The duo-trio test, developed by Peryam and Swartz (1950), represented
an alternative to the triangle test that, for some, was a more complex
test psychologically. The duo-trio test was found to be useful for
products that had relatively intense taste, odor, and/or kinestethetic
effects such that may impact sensitivity.
A Duo-Trio Test is an overall difference test which will determine
whether or not a sensory difference exists between two samples. This
method is particularly useful:
- To determine whether product differences result from a change in ingredients, processing, packaging, or storage
- To determine whether an overall difference exists, where no specific attributes can be identified as having been affected
Compared to Other Overall Difference Tests
The Duo-trio test is equally sensitive to the triangle test and is
simple and easily understood. Compared with the Paired Comparison test,
it has the advantage that a reference sample is presented which avoids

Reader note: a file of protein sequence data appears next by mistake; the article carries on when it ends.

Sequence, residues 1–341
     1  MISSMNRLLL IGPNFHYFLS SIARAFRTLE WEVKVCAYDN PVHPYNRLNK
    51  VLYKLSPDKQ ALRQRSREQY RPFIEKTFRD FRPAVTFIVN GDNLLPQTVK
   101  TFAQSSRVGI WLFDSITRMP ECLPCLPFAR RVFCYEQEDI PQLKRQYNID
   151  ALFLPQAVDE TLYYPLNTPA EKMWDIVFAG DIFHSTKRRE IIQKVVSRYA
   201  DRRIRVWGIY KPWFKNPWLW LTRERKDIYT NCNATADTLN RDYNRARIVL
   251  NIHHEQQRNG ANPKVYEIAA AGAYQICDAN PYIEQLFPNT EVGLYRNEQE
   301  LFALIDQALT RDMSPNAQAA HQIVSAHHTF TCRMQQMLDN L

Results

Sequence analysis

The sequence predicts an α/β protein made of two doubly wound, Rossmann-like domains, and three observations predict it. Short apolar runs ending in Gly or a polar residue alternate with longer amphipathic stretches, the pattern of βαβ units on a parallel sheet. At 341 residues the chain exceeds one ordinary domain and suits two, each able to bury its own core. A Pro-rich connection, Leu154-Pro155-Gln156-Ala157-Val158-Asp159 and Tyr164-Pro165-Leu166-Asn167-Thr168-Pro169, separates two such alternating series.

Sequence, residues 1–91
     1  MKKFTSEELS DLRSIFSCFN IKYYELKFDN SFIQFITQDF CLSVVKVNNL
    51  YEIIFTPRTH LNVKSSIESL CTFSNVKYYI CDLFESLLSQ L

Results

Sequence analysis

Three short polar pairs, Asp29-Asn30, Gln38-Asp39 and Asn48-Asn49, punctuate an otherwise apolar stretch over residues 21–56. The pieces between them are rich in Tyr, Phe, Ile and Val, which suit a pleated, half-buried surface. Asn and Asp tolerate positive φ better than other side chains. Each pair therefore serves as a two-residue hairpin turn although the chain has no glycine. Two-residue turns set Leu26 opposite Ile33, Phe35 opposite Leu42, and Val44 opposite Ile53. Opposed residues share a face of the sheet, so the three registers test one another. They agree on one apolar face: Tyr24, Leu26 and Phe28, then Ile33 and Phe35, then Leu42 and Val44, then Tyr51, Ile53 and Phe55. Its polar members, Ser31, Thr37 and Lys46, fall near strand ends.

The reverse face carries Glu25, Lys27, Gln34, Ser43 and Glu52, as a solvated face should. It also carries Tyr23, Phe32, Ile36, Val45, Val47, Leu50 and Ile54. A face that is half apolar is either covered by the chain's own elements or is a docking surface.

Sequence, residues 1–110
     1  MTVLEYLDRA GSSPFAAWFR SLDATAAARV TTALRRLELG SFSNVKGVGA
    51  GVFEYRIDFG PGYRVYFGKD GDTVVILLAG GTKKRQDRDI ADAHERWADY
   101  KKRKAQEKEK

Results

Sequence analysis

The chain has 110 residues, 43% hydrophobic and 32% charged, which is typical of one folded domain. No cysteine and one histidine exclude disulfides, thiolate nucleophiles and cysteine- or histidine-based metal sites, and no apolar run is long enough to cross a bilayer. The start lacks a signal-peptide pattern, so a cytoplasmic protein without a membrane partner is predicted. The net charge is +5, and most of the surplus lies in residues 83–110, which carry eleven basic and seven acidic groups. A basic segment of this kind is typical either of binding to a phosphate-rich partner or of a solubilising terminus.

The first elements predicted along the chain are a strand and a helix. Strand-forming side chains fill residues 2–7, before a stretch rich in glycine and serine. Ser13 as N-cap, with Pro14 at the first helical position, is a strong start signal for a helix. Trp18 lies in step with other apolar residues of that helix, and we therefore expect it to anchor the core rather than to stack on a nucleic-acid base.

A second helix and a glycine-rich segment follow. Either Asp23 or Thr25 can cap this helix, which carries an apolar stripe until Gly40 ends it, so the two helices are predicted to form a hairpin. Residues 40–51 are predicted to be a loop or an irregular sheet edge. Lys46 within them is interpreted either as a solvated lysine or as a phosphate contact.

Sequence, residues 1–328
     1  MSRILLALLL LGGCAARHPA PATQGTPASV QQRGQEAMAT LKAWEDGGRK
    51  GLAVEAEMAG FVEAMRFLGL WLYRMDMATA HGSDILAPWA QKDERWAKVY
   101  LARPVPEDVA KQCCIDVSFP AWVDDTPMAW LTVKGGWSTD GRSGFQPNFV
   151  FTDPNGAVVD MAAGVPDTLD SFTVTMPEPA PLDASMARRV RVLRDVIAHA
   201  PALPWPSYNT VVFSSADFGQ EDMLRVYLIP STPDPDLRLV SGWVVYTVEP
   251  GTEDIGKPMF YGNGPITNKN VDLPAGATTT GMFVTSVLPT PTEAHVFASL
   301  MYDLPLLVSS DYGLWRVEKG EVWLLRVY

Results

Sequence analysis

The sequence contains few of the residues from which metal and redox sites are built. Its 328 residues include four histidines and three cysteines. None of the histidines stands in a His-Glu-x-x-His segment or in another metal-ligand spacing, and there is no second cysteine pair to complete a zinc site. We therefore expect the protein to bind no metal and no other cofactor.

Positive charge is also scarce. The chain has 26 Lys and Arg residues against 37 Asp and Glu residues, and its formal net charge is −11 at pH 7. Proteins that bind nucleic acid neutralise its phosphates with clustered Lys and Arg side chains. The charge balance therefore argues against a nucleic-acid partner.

confusion with respect to what constitutes a difference, but a
disadvantage is that three samples, rather than two, must be tasted.
Present to each subject an identified reference sample, followed by
two coded samples, one of which matches the reference sample. Ask
subjects to indicate which coded sample matches the reference. Count the
number of correct replies and refer to a table for interpretation. Two
design options are available for a duo-trio test. The conventional
approach is a balanced the reference between the control and test
products; however in some situations, the reference may be kept
All should be familiar with the format, task, and evaluation
procedure for the Duo-Trio Test. An orientation session is recommended
prior to the actual test to familiarize subjects with the test
procedures and product characteristics.
As a general rule, the minimum is 16 subjects, but for less than 28,
the beta-error is high. Discrimination is much improved if 32, 40, or a
larger number can be employed.
Offer samples simultaneously, if possible, or else present samples
sequentially. Prepare equal numbers of the possible combinations
(control and tests) and allocate the sets in a balanced design among the
subjects. Space for multiple Duo-trio tests may be provided on the
scoresheet, but do not ask supplementary questions (e.g., the degree or
type of difference or the subject’s preference) as the subject’s choice
of matching sample may bias his or her response to these additional
questions. Count the number of correct responses and the total number of
responses. Do not count “no difference” responses; subjects must guess
if in doubt.